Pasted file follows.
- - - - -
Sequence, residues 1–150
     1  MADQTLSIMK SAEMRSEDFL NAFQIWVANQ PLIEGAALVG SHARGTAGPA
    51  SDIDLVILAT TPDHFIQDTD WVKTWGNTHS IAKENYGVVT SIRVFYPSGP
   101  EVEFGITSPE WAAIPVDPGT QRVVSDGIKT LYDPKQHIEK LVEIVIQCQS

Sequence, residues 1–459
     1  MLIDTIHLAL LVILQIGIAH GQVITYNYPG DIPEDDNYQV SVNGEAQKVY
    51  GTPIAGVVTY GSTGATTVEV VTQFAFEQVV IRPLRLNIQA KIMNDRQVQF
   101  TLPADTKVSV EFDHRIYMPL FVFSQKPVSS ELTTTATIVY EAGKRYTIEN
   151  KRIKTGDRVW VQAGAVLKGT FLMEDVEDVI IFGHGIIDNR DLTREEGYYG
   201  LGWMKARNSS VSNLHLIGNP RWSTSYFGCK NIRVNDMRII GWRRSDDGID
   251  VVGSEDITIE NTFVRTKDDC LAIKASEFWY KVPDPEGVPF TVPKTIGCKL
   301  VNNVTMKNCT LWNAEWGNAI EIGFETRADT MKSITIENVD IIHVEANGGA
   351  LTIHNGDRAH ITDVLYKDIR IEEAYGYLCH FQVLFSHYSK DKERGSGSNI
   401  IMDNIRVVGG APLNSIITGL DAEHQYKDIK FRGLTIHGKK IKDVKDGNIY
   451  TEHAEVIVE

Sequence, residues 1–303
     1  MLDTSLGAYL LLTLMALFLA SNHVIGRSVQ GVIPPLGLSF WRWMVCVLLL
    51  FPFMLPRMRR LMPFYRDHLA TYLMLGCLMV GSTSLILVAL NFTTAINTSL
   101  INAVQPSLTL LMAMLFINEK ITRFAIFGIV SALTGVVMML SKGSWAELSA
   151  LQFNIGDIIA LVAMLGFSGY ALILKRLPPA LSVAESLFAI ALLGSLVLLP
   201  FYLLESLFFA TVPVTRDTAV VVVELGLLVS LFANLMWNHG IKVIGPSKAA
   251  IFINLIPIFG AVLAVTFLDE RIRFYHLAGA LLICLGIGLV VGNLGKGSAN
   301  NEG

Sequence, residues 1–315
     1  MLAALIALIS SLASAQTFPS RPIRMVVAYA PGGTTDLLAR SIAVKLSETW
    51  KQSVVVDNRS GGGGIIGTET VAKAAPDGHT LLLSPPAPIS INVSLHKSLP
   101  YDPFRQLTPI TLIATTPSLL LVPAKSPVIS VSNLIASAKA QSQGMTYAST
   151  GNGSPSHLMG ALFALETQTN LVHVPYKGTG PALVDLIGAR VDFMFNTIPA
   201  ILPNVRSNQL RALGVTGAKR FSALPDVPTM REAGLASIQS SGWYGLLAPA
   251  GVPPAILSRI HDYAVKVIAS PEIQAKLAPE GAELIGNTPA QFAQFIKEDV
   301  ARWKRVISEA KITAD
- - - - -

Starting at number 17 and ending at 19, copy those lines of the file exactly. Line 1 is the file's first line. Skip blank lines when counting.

     1  MLDTSLGAYL LLTLMALFLA SNHVIGRSVQ GVIPPLGLSF WRWMVCVLLL
    51  FPFMLPRMRR LMPFYRDHLA TYLMLGCLMV GSTSLILVAL NFTTAINTSL
   101  INAVQPSLTL LMAMLFINEK ITRFAIFGIV SALTGVVMML SKGSWAELSA